If you’ve ever been fired, you know how awful an experience that is. Even if you’re made redundant because of cutbacks (and not, say, job performance), it hurts. A lot. And a wise employer doesn’t fire someone on a whim. It’s a very serious step to take.
Being fired/terminated/separated is very hard, but it is a part of life. So, it makes sense that we’d see it in crime fiction, too. It can be the basis for tension and conflict, or it can be a plot point. It can also add a layer of character development.
For instance, in Robert Pollock’s Loophole: or, How to Rob a Bank, we are introduced to architect Stephen Booker. When he is made redundant, it’s a real blow for him and his wife. He likes his profession; so, at first, he tries to get another job in the field. He isn’t successful, though, and as time goes by, he begins to feel more and more desperate. Finally, he takes a job driving cab at night, thinking he can still use the days to look for a new position. One night, he meets professional thief Mike Daniels. Before long, Daniels becomes one of Booker’s regular fares and they get to know each other. When Daniels finds out that Booker is an architect, he decides to let him in on a secret. Daniels and his team have been planning a major heist: the robbery of the City Savings Deposit Bank. The bank is, of course, carefully guarded, so the team needs to find a way to work around the security. For that, they need an architect, and Daniels thinks he’s found his man. It takes some persuading, because Booker is basically a law-abiding person. But he’s also desperate for a job – any job – and falls in with the group’s plans. Everything goes along well, until a sudden rainstorm comes up and changes everything.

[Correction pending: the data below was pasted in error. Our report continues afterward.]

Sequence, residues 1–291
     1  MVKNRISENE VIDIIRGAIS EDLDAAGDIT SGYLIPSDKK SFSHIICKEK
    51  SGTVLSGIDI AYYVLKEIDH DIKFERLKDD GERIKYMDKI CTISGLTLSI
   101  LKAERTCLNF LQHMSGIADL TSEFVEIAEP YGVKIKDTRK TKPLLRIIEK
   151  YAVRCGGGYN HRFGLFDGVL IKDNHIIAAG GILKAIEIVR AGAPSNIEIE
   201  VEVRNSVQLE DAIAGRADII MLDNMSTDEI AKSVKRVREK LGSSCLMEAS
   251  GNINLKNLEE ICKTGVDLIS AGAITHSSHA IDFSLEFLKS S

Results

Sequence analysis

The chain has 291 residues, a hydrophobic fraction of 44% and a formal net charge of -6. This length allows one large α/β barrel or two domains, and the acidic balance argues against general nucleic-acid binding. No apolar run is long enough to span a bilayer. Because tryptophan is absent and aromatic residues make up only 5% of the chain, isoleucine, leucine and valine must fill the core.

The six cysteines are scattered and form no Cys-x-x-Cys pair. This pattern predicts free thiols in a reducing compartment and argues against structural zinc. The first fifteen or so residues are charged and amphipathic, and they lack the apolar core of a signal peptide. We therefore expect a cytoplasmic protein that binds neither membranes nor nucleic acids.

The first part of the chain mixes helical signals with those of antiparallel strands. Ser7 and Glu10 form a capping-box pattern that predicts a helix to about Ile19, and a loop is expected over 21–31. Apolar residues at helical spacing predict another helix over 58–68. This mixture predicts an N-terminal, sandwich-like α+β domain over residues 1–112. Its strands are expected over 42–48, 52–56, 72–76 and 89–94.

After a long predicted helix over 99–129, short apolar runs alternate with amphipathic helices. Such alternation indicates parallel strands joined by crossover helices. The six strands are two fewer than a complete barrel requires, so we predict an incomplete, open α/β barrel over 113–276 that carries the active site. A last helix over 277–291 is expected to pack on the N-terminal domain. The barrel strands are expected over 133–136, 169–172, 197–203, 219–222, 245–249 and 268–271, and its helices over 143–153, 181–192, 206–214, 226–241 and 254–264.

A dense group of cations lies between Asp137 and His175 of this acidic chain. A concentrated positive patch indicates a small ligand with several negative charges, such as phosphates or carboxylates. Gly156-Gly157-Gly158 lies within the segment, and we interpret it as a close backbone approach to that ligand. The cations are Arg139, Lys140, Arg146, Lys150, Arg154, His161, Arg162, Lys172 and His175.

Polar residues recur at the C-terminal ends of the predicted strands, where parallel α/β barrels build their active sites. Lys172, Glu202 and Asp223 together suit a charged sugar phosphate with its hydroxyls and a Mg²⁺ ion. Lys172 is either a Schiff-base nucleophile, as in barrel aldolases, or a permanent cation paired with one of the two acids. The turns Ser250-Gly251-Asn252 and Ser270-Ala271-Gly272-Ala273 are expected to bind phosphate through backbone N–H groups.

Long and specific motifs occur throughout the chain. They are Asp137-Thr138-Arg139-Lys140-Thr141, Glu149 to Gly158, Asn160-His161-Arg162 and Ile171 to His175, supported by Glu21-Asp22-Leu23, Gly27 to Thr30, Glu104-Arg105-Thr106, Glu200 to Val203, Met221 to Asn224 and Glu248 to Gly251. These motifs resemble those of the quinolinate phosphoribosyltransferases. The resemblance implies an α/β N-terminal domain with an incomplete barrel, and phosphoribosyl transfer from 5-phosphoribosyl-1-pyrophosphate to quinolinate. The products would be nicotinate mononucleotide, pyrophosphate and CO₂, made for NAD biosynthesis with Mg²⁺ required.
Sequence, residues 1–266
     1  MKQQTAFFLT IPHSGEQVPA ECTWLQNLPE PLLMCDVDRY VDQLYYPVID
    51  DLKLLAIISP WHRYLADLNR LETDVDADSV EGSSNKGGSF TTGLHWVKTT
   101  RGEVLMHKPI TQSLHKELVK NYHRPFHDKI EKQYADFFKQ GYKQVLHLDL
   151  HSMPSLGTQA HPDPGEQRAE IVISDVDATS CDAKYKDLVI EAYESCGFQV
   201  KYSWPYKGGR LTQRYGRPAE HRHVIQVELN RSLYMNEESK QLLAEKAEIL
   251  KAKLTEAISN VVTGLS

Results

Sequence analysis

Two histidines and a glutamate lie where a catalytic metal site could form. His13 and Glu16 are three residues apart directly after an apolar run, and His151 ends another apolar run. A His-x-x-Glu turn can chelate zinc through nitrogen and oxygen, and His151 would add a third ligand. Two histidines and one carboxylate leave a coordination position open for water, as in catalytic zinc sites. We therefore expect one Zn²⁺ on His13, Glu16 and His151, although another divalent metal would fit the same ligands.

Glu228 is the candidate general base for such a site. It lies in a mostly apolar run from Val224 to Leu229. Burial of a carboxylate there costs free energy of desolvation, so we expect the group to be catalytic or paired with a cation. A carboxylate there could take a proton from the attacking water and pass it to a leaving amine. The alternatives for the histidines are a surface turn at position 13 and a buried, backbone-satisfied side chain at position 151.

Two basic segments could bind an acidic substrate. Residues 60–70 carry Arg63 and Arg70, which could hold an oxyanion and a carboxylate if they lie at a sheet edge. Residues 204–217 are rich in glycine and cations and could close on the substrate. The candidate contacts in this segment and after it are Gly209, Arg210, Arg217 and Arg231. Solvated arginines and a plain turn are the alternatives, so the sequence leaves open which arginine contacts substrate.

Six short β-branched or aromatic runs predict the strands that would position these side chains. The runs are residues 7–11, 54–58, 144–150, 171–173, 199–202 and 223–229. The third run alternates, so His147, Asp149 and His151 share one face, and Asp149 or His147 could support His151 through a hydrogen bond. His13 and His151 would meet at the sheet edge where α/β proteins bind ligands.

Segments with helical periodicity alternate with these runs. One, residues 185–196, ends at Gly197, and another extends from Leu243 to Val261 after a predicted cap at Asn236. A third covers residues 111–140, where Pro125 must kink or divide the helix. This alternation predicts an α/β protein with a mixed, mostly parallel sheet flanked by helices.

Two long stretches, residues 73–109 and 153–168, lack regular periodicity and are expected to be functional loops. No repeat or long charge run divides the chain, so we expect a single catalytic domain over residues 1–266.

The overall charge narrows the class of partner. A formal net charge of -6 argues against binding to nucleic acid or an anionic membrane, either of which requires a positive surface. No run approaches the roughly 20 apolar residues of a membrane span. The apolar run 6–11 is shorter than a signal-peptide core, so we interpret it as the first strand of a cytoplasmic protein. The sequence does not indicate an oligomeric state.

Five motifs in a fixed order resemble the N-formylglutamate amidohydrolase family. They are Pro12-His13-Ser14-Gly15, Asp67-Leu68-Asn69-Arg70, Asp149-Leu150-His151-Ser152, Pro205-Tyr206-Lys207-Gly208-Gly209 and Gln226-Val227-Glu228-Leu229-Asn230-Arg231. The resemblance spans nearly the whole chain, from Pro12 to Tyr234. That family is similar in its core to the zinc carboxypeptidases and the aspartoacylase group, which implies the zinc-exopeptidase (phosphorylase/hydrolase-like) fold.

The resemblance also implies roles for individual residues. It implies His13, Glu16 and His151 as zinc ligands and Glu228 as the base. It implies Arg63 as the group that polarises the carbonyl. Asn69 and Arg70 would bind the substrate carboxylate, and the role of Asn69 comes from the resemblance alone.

In the ‘Emma Lathen’ team’s Murder to Go, a big merger is in the works. Southeast Insurance is planning a merger with an up-and-coming fast food company called Chicken Tonight. The Sloan Guaranty Bank is involved in the merger, so it’s got an interest in making sure everything goes smoothly. But it doesn’t. Several people are sickened by one of Chicken Tonight’s new recipes. One of them even dies. This puts the merger in grave doubt and raises all sorts of questions about Chicken Tonight. So, the company wants to find out right away how the poisonings happened and do ‘damage control.’ At first, it looks very much as though the culprit is a man named Clyde Sweeney. He is a former delivery driver for the company, and he had access to the spices and food. What’s more, he had been fired recently and was bitter and angry about it. That certainly gives him motive to sabotage the company. It doesn’t help Sweeney’s case that he’s gone missing. But when he turns up dead, it’s clear that something more is going on. Sloan Vice President John Putnam Thatcher gets involved in the case and starts asking questions. He finds that the solution lies in behind-the-scenes greed and manipulation.